The company that operates the <A HREF="" TARGET="new">Web site</A> for retailer Tower Records has settled complaints by U.S. regulators that it allowed hackers in 2002 to st

The company that operates the Web site for retailer Tower Records has settled complaints by U.S. regulators that it allowed hackers in 2002 to steal personal information about thousands of its online customers.

Under the agreement announced yesterday (April 21), MTS Inc. of West Sacramento, Calif., must maintain a "reasonably designed" program to assure the security of customers to the Web site and hire outside consultants every two years during the next decade to test its security.

The Federal Trade Commission said failure to abide by those terms could result in fines up to $11,000.

The FTC said Tower Records, which emerged from bankruptcy last month, redesigned part of its Web site in November and December 2002 but failed to update one feature that customers used to check the status of their online purchase.

Over eight days, hackers exploited the problem to view the names, addresses and purchase details for about 5,225 customers and sometimes wrote demeaning comments in Internet chat rooms about people's choices in music, the FTC said.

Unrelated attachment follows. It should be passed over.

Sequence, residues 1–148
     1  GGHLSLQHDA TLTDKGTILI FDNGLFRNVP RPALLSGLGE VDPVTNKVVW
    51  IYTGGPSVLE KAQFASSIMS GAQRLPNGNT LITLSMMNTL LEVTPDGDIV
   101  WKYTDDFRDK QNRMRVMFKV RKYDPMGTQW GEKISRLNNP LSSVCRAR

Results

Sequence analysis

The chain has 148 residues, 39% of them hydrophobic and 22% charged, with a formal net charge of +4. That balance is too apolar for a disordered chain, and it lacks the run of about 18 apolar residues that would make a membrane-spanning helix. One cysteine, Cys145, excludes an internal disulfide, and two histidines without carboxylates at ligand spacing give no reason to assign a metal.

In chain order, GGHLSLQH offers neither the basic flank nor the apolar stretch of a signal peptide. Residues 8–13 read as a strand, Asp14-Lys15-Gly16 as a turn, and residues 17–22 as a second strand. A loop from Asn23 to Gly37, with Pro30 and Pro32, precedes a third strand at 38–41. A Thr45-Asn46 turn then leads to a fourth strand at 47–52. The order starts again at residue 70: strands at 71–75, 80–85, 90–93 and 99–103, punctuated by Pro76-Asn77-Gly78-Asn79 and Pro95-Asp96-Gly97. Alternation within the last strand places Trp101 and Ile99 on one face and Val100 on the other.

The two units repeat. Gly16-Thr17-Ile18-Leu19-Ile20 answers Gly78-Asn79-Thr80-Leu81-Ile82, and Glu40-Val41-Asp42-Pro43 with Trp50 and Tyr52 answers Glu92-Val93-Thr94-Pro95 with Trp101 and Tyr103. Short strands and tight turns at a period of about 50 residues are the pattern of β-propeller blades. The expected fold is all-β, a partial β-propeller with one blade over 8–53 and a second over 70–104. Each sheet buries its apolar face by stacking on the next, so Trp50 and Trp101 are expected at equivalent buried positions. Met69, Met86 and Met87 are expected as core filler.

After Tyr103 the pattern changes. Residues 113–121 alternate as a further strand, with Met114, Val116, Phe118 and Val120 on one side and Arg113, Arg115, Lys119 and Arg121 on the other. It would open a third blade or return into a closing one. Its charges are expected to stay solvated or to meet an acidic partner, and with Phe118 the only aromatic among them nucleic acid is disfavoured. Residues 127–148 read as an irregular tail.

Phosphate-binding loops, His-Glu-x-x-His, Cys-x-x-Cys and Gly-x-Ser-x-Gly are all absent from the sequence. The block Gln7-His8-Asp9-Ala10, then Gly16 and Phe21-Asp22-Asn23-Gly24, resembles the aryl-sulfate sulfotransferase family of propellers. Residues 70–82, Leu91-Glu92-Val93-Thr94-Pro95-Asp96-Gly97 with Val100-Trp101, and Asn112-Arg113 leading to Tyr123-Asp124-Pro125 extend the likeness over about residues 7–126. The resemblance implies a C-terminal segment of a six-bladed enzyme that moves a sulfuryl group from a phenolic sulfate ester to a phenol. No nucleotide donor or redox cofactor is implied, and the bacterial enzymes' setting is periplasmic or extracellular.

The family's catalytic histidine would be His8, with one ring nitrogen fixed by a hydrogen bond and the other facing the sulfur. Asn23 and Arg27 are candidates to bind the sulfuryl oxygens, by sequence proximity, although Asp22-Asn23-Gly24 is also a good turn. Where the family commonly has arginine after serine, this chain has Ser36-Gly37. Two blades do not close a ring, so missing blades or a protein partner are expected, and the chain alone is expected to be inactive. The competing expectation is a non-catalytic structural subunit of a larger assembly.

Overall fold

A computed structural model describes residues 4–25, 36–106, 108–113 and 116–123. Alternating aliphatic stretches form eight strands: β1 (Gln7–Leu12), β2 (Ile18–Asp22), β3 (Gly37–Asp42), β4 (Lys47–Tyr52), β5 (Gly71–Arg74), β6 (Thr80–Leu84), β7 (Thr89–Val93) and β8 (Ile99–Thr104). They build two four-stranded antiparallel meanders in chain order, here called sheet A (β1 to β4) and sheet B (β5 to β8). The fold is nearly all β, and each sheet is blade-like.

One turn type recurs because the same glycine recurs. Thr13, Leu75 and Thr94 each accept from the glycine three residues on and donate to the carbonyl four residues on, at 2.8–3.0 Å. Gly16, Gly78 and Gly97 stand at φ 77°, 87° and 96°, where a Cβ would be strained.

Tower said in a statement that hackers did not steal any of its customers' credit-card or Social Security numbers, that it corrected the problem and that it has not detected any subsequent break-ins.

"We take the privacy and security of personal information collected from our customers very seriously," said Bill Baumann, Tower's chief information officer.

The FTC, which traditionally prosecutes businesses for fraudulent and deceptive trade practices, sued Tower Records over its written assurances to customers that it protected their personal information using "state-of-the-art technology." Regulators said the vulnerability in the company's Web site was "commonly known and reasonably foreseeable."

The case against Tower Records was the fourth of its kind by the FTC.

"Companies must have reasonable procedures in place to make sure that changes do not create new vulnerabilities," said Howard Beales, director of the FTC's Bureau of Consumer Protection. "Just as consumers remodeling their homes would make sure that the doors still have locks, companies should make sure that sensitive data is still protected."

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